Helen Marcotte had always wanted to work in the fashion industry, but wrote it off as a far- fetched dream. So when she received a call for an internship from Kleinfeld Bridal, the show popularized by the TLC show “Say Yes to the Dress,” after applying as a long shot, she was floored.
Now, Marcotte, a graduate student in the School of Family and Consumer Sciences set to graduate this December, is working alongside Kleinfeld’s fashion director, buyers and designers like she’s been doing it forever.
While she said she barely notices the cameras now, she did have her own moment of being starstruck when she first saw Randy Fenoli.
“Within my first two weeks, I saw Randy Fenoli for the first time. I freaked out!” she said. “I see him all the time now, and it is no big deal.”
The best part isn’t the glitz and glam of the cameras, though -- it’s the people.
Brides travel from all across the world to take part in the Kleinfeld bridal experience, so Marcotte said she is always hearing new stories of proposals and how couples met one another. She said the stories she hears are what make her job the most fulfilling.
“They are not just television characters,” she said. “They are some of the most wonderful people I have ever met.”
As a consultant assistant, Marcotte, who works at Kleinfeld every day except Mondays and Wednesdays, helps make sure the bridal appointments go smoothly. She carries gowns, helps brides get in and out of their dresses and make sure they fit just right.
The shopping consultants job, in general, is to help take the stress of dress shopping off the bride; instead of her having to look through endless racks of gowns, the consultants get a grasp of an idea of what the bride wants for her gown and then hunt down the look she is after.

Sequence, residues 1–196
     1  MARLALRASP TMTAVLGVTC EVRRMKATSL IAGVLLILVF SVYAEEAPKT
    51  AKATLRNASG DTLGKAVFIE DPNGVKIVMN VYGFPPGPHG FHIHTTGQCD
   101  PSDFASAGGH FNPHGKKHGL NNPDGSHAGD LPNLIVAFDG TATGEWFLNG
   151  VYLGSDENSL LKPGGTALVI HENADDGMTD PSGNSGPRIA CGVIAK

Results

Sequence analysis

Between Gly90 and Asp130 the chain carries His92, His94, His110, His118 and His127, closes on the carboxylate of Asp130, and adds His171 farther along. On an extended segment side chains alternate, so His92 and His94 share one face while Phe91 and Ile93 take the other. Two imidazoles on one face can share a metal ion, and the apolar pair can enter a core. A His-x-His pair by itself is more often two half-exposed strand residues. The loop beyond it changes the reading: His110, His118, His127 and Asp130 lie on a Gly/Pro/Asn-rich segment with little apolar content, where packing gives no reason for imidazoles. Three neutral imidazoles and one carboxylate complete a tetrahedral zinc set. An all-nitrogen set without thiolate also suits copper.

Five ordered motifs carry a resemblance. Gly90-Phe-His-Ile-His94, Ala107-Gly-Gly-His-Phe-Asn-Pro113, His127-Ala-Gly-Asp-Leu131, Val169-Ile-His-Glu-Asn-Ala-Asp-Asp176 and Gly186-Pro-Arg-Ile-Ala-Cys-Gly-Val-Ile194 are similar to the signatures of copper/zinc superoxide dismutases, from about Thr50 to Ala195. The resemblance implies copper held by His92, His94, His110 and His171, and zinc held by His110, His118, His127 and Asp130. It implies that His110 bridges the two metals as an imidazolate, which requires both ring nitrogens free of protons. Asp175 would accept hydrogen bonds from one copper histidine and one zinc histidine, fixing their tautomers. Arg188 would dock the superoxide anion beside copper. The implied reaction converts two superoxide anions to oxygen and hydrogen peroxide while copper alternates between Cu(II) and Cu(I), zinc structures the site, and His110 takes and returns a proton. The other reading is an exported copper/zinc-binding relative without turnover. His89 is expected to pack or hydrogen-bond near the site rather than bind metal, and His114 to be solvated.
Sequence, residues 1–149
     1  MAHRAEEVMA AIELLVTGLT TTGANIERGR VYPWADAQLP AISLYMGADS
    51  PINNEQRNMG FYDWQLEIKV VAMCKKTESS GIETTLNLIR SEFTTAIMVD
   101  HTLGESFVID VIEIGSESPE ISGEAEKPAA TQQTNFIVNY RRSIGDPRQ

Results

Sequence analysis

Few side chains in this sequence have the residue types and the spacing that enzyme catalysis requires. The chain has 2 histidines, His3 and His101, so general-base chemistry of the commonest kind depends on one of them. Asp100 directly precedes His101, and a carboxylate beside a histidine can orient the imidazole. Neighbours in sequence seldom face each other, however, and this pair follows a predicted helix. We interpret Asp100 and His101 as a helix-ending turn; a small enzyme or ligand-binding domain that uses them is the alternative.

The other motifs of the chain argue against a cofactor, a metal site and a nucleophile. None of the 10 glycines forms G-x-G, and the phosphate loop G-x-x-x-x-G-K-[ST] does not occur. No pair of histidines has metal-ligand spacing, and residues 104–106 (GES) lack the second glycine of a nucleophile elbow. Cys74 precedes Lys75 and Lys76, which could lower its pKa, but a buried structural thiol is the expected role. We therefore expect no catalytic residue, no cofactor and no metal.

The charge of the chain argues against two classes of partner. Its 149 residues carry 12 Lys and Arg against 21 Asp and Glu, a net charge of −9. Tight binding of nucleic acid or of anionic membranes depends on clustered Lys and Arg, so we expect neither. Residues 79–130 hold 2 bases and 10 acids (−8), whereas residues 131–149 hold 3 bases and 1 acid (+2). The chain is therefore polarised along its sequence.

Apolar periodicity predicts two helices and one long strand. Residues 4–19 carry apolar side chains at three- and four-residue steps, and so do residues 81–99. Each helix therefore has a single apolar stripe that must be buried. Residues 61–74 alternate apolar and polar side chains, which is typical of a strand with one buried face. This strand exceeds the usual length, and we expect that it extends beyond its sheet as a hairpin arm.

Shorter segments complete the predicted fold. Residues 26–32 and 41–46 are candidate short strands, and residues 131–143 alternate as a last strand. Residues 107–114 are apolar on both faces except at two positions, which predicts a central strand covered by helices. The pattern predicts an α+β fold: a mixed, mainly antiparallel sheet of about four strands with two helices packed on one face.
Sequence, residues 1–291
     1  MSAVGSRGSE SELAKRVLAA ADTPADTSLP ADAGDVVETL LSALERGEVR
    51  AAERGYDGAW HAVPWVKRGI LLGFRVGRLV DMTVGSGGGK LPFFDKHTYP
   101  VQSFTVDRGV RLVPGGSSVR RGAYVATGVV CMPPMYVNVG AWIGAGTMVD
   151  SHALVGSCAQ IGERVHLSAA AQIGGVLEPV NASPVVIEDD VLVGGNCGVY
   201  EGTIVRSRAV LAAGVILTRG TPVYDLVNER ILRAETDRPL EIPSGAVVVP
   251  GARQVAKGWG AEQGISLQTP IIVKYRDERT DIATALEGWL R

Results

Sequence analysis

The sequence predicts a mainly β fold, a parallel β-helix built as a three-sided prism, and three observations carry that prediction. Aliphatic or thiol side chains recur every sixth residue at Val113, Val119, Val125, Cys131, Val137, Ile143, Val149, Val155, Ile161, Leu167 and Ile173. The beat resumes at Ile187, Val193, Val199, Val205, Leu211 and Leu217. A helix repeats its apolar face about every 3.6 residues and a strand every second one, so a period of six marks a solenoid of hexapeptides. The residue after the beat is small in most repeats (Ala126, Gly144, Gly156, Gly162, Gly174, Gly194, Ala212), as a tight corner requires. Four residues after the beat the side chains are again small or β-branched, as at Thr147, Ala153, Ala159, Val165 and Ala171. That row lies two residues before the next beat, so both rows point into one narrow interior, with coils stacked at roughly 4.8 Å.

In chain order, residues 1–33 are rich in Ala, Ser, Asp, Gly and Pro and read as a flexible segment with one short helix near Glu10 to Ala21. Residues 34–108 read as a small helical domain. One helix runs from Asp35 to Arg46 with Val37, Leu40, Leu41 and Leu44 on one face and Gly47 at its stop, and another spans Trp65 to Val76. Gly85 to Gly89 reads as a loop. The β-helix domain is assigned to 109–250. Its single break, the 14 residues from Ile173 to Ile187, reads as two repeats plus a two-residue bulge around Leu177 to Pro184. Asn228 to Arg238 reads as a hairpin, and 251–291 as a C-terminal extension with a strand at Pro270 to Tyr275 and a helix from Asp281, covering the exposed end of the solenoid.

It’s not exactly as easy as it sounds, Marcotte said.
As seen on the show, family dynamics and opinions can sometimes overpower a bride’s vision for her gown. It’s the consultants’ job to stay out of the family business yet still find the perfect dress.
“You have to remember that this is the one day that most brides have been dreaming of since they were little girls,” she said.
Working at Kleinfeld is helping Marcotte fulfill a dream she’s had since she was a little girl, too, when she would sit in front of her television sketching out outfits from the characters she saw on TV. Her interest elevated even more when she saw a Betsey Johnson runway show, complete with models in blue and pink tutus doing cartwheels down the runway, on TV.
“That is when it hit me that fashion was something I wanted to be involved in.”
While she’s shied away from the actual designing of clothes, she wants to be involved in the corporate side of the production and retail process. She’s already started applying for assistant jobs in both Chicago and New York City. Without pursuing her master’s at Eastern, though, she would never had the opportunity at Kleinfeld or felt as prepared for the job market.
Marcotte, who also received her bachelor’s in family and consumer sciences at Eastern, said for her, pursuing her master’s degree was a win-win situation because not only was her tuition covered by an assistantship, she has grown professionally by writing a thesis and presenting at a retail conference. Overall, she said she now feels more mentally prepared for the job market.
Marcotte still keeps in touch with students attending Eastern, and many of them are still in awe that she is “actually doing the fashion thing in New York,” she said.
Everyone thinks her experience at Kleinfeld Bridal is surreal -- and it actually is, she said -- but it isn’t an impossible one.
“It is the best thing that has ever happened it me, but it is not impossible for opportunities like this one to arise for other students,” she said.
Marcotte said the jobs for students are out there; it just takes a little digging to find them.
“Do not pass up on awesome opportunities because you do not think you are qualified,” she said. “You are.”